With the pandemic putting its business into a state of disorder, Lane Bryant and Ann Taylor owner Ascena Retail Group is reportedly in talks with lenders about a possible bankruptcy filing. A Chapter 11 filing would let the firm maintain the operation of some of its brands as it looks to sell other names and could come as early as July, Bloomberg reported, citing unnamed sources.
Most of the roughly 2,800 retail locations of Ascena are still shuttered. All of its locations closed in March because of the outbreak, but the merchant started to open stores again in May as states took away restrictions. However, the company noted in a recent filing that foot traffic is significantly lower than usual at the locations that were brought back to life.
The protection of bankruptcy would let the firm steer clear of a permanent shutdown, shutter stores that are not strong to keep costs to a minimum and reduce its borrowings. However, the situation is in flux and plans are not set in stone, as the company is still reportedly looking for alternative financing options. The result could rely on conditions in the market and the forecast for when stores could begin to open again.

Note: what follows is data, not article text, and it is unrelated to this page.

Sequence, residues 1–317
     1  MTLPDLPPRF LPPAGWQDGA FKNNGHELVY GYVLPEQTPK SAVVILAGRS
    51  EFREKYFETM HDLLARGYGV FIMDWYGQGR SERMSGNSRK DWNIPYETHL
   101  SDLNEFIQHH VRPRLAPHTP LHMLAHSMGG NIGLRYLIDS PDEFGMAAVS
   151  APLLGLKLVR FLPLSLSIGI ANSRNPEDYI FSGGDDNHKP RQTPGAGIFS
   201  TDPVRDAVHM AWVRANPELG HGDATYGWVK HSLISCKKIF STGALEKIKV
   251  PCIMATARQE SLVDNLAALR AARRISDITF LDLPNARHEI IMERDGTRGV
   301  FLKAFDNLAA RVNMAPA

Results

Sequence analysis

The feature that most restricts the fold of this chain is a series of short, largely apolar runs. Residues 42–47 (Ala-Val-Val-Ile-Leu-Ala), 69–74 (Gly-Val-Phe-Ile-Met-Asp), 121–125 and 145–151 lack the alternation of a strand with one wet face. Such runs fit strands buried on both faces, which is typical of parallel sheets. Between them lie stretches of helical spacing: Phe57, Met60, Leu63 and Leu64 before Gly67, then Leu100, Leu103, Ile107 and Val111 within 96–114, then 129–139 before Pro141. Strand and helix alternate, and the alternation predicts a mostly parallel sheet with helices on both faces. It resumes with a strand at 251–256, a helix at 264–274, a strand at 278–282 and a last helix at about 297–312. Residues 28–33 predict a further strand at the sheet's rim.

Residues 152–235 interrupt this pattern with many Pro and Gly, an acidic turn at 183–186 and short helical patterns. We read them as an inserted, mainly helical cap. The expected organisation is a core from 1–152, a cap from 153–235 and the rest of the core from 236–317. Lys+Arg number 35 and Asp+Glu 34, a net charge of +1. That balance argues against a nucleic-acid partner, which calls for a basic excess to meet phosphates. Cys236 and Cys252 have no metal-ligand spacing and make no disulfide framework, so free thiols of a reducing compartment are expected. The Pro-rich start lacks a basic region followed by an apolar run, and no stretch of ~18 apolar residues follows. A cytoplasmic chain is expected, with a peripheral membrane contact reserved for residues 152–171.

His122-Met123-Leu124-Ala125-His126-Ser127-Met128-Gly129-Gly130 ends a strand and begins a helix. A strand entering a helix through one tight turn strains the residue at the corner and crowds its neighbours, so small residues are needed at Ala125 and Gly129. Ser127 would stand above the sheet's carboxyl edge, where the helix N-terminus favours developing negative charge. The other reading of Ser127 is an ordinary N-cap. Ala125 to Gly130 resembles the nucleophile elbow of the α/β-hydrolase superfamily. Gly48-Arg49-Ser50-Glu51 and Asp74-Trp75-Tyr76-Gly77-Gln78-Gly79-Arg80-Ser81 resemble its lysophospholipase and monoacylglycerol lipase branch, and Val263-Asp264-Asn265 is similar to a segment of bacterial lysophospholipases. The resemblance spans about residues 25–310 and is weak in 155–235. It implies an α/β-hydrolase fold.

Ascena is mulling selling three brands, with the inclusion of Catherine’s, and maintaining Loft as well as Ann Taylor as part of the firm as it comes out of bankruptcy per the sources. Lenders of the firm are reportedly beginning private discussions on an arrangement that would have their holdings traded for a majority share in the new reorganized firm.
In separate news, Tuesday Morning Corporation said it filed for Chapter 11 bankruptcy to seek “financial and operational reorganization” per news in late May. The merchant said it filed voluntary petitions in United States Bankruptcy Court for the Northern District of Texas – Dallas Division to seek the reorganization. The retailer foresees closing approximately 230 of 687 stores.